Monday, November 29, 2010

Thanks and Pie

Thanksgiving has come and gone - I hope you had a wonderful holiday. We celebrated in grand style at Shepherd King with worship on Wednesday night, Thanksgiving eve. Last year I started a new tradition here. Members are asked to bring a pie (preferably freshly baked) to Thanksgiving Eve worship. After the service we gather in the fellowship fall to sample each other's pies and enjoy fellowship. There were some delicious pies this year - in addition to my own home made pecan pie there were several apple, several pumpkin, a wonderful buttermilk chess pie (still warm), a chocolate pie, and a cherry pie. What a way to kick off the Thanksgiving weekend - with a pie fest! (And mother always told you not to eat your dessert first - hah!)

Gratitude ends up being our final act of worship in the liturgical church year. The Sunday after Thanksgiving is usually the first Sunday in Advent, and Advent begins a new church year. As children we are taught to say "thank you" and "please." Good manners go a long way to creating harmony in society. It's okay if our "thank yous" are mostly a habit, a response we make without much thought. But because saying "thank you" is something of a reflex it's good to have a day set aside for giving more thoughtful thanks.

We have so much for which to be grateful. We are a mobile society, able to travel a great distance in a short time which allows us to visit family and loved ones for a day or a long weekend. We have ample ways to stay in touch with those who live far from us. Most of us have plenty to eat, safe and comfortable homes, friends, freedom to pursue goals that are important to us, work to do, and time to rest. The world itself is a marvel in its scientific makeup and in its beauty. What a privilege to live as part of this wondrous creation. Do we say "thank you" often enough to the God who has blessed us with life?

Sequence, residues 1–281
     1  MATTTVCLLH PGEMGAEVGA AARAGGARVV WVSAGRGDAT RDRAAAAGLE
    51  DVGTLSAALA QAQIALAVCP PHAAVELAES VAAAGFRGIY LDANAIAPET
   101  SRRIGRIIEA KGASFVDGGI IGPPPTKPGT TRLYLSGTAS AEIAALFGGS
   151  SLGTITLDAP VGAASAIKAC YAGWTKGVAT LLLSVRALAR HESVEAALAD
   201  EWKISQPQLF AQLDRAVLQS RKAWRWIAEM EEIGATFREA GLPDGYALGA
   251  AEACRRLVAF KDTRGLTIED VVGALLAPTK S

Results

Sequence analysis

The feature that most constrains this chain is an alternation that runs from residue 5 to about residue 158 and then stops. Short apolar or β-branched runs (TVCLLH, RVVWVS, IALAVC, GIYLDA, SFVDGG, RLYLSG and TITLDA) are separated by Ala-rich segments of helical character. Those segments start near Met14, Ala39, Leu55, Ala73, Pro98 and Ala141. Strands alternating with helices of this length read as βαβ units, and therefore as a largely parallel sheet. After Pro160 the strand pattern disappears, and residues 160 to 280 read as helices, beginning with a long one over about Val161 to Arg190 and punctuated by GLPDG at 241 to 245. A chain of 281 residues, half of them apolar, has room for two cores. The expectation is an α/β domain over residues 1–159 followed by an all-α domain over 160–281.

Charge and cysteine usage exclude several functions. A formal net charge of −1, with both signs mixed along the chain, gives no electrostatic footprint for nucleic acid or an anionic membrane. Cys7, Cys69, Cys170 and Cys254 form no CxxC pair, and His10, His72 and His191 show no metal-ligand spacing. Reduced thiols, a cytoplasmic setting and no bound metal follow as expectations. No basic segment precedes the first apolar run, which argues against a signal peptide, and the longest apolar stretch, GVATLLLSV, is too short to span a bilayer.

On Thanksgiving Eve the people in worship had opportunity to voice their specific thanks. A blank sheet of paper was included in the bulletin and worshippers were asked to write a brief prayer of personal thanksgiving. The prayers were collected with the offering and read at the altar as the evening's prayers of the people. Here is a sample of those prayers: "I'm thankful for Jesus, toys, mice, my kitty, pumpkins, family, teachers..." "I'm very thankful for God being with me at all times..." "for the peace of God in the midst of trials and tribulatons..." "for a healthy family..." "for the hours and days spent with my grandchildren..." "for our nation..." "for my best friend..." "for the people of this congregation." There is always more to say, but with these words we tried to express our deep and abiding gratitude to God.

Thanks be to God for Jesus who redeems us and for people who walk with us. Thanks be to God for a past full of memories and a future full of hope. Thanks be to God for love and kindness, for justice and truth, for light in the darkness. Thanks be to God!

Pastor Kris

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